International Relations in the Ancient Near East, 1600-1100 B.C.

By Mario Liverani | Go to book overview

25
The Ideology of Life

The pattern of centralization requires an explanation for the conduct of the periphery. Why do the outer countries surrender their goods without mention of any return? No mystery surrounds the determination of the central state to obtain more wealth and establish its power but why does the periphery submit to it?

Egyptian ideology does not ignore this problem. Obviously the reasons proclaimed in the celebrative texts do not make the relationship between centre and periphery more balanced; on the contrary, they provide additional prestige to the former. The reasons are rather stereotyped, and concern the pivotal concept of ‘life'; yet they are applied to different political and military situations in different ways. When the transfer of goods takes place following a battlefield victory or expedition bent on plunder, the outer country receives no return, not even at the ideological level. In fact, since it has refused to enter into any relationship with Egypt and offered nothing but war, its people – a purely passive element – are either killed or despoiled. The stelae of Amenophis II, for instance, insert after every victory of the Pharaoh a ‘list of the booty’ taken, and the same pattern is followed in the Annals of Tuthmosis III. 1

In other cases the enemy, on the point of being defeated, decides to surrender and give up his goods in order to avoid being killed:

Do not overwhelm us! Lo, your might is great, your strength is heavy upon the land of Hatti. Is it good that you slay your servants, your face savage toward them and without pity? Be not hard in your dealing, victorious king! Peace is better than fighting. Give us breath! 2

Pharaoh should reasonably accept the offered submission, since a live servant is more useful than a dead one; not only will he deliver his goods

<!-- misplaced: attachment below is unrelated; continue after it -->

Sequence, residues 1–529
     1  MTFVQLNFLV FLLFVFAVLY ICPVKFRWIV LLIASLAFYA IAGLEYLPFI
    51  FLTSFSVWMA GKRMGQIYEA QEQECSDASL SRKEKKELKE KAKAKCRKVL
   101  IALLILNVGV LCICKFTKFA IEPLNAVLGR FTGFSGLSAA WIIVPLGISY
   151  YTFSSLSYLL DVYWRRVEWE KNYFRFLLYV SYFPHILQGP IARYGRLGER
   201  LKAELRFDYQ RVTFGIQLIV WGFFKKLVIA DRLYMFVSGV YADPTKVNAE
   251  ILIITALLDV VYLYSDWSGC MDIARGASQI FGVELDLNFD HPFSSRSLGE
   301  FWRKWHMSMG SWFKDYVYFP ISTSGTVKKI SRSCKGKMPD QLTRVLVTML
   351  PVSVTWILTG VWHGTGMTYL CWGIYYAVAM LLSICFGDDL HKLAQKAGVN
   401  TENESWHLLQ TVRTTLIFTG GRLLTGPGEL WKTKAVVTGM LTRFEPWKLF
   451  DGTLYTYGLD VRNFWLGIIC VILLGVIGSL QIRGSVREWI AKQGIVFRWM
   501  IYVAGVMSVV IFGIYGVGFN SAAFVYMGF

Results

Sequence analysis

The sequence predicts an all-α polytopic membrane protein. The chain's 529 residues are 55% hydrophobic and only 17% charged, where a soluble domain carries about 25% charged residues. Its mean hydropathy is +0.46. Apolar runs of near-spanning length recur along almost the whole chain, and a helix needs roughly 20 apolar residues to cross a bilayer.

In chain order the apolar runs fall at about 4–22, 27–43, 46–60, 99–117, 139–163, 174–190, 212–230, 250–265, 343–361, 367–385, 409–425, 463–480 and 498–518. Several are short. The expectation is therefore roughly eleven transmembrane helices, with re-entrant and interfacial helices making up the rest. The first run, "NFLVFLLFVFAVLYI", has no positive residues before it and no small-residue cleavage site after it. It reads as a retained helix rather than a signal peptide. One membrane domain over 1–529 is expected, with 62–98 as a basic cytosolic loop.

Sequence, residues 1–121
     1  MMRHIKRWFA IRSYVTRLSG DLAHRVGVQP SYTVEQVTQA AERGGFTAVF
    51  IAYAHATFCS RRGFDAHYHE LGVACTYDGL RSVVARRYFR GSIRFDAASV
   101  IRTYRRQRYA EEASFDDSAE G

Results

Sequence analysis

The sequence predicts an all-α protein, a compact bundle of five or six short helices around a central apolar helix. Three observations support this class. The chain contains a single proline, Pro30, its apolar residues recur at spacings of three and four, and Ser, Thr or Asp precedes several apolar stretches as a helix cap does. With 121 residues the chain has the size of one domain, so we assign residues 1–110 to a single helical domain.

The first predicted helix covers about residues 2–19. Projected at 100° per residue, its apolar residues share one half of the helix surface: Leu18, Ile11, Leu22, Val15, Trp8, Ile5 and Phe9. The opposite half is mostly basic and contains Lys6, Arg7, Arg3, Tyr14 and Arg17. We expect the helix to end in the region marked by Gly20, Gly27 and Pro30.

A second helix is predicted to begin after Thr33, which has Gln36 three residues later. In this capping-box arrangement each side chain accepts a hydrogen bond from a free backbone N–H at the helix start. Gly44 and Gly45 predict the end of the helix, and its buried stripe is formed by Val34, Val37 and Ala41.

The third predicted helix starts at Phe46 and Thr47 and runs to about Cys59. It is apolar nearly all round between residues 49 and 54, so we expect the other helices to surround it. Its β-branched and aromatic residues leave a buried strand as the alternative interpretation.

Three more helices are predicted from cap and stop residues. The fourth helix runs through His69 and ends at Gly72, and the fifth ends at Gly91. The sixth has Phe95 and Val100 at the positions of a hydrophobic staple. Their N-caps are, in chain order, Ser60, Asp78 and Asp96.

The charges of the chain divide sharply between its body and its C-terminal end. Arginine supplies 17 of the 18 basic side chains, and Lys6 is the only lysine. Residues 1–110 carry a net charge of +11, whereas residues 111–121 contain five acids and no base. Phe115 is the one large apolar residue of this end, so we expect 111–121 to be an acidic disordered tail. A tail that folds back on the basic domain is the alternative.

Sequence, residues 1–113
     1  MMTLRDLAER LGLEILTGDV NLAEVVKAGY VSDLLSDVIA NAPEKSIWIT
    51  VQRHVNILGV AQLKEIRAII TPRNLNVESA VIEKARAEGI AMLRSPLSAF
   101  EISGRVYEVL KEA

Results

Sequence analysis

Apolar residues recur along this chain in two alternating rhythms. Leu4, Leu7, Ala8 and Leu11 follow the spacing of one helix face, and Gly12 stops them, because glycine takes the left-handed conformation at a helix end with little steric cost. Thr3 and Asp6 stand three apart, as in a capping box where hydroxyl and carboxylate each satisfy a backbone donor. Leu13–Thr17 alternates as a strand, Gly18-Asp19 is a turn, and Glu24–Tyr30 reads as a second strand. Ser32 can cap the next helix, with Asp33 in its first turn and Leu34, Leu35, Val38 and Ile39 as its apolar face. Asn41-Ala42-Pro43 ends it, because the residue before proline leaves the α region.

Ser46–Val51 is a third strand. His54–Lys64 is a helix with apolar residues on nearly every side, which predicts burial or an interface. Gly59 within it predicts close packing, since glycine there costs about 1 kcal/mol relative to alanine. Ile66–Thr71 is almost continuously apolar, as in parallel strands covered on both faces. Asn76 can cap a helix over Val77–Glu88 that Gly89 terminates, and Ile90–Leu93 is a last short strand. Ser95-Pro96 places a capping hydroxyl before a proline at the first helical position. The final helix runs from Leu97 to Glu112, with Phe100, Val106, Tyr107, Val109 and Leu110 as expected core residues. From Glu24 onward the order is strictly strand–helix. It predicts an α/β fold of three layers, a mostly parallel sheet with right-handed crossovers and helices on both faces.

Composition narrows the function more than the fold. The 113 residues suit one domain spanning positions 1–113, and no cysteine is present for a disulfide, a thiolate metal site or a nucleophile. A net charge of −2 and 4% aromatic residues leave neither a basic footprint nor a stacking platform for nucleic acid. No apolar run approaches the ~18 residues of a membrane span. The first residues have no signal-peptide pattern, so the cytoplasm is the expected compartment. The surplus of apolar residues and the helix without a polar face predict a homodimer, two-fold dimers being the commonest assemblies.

-160-

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International Relations in the Ancient Near East, 1600-1100 B.C.
Table of contents

Table of contents

  • Title Page i
  • Title Page iii
  • Contents v
  • Preface vii
  • Abbreviations xiii
  • Introduction 1
  • Part I - Territory and Borders 15
  • 1 - Inner vs. Outer Territory 17
  • 2 - Universal Control 23
  • 3 - The Boundaries of the World 29
  • 4 - Symbolic Attainment of the World Border 34
  • 5 - The Coexistence of Different States 38
  • 6 - Moving Borders 46
  • 7 - The Boundary as a Watershed for Taxation 52
  • 8 - The Boundary as a Watershed for Responsibilities 57
  • 9 - Runaways and Extradition 66
  • 10 - Messengers and ‘Ambassadors’ 71
  • Part II - War and Alliance 77
  • 11 - The One Against Many 79
  • 12 - War as Elimination of the Rebels 86
  • 13 - Conquest as a Cosmic Organization 91
  • 14 - Peace as Submission 97
  • 15 - Ordeal by War 101
  • 16 - The Rules of War 108
  • 17 - The Battle of Megiddo 116
  • 18 - Peace as Mutual Recognition 122
  • 19 - The Ideology of Protection 128
  • 20 - The Ideology of Brotherhood 135
  • Part III - Circulation of Goods 139
  • 21 - Priority and Continuity of the Redistributive Pattern 141
  • 22 - Intervention of the Reciprocal Pattern 146
  • 23 - Accumulation vs. Circulation 151
  • 24 - Self-Sufficiency vs. Interdependence 155
  • 25 - The Ideology of Life 160
  • 26 - Hatshepsut and Punt: Trade or Tribute? 166
  • 27 - Wen-Amun and Zakar-Ba'Al: Gift or Trade? 170
  • 28 - The Annals of Tuthmosis Iii: Tribute or Gift? 176
  • 29 - The Origins of Tribute 183
  • 30 - Equal vs. Unequal Marriages 189
  • 31 - Conclusions 196
  • Chronologies 203
  • Notes 205
  • Index 233
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